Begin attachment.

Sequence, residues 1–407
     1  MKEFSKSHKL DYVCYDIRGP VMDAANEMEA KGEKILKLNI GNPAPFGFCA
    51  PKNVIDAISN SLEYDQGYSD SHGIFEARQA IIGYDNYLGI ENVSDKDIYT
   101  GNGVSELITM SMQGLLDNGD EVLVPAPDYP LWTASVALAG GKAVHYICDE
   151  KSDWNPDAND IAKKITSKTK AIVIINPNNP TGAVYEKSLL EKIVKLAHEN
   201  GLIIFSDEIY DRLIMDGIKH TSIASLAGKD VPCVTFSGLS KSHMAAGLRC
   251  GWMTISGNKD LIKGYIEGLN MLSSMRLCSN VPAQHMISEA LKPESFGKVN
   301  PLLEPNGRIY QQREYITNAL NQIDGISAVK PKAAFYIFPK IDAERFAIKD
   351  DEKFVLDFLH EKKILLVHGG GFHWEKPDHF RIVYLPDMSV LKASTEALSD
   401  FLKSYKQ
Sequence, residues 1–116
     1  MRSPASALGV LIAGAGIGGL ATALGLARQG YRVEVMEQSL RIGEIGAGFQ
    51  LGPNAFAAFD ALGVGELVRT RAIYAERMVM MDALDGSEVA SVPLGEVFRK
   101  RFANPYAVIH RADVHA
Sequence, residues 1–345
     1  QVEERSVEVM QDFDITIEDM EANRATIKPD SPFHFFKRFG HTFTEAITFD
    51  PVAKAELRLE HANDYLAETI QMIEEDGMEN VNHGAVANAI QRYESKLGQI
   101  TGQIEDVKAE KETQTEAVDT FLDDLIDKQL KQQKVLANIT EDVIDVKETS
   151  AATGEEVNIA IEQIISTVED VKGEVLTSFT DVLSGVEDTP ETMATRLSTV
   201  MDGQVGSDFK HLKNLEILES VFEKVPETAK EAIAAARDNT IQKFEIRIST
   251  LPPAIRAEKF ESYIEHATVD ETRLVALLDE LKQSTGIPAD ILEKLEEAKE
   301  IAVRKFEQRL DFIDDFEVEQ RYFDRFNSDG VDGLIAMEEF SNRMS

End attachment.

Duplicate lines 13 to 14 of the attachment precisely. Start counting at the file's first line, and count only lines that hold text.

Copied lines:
    51  LGPNAFAAFD ALGVGELVRT RAIYAERMVM MDALDGSEVA SVPLGEVFRK
   101  RFANPYAVIH RADVHA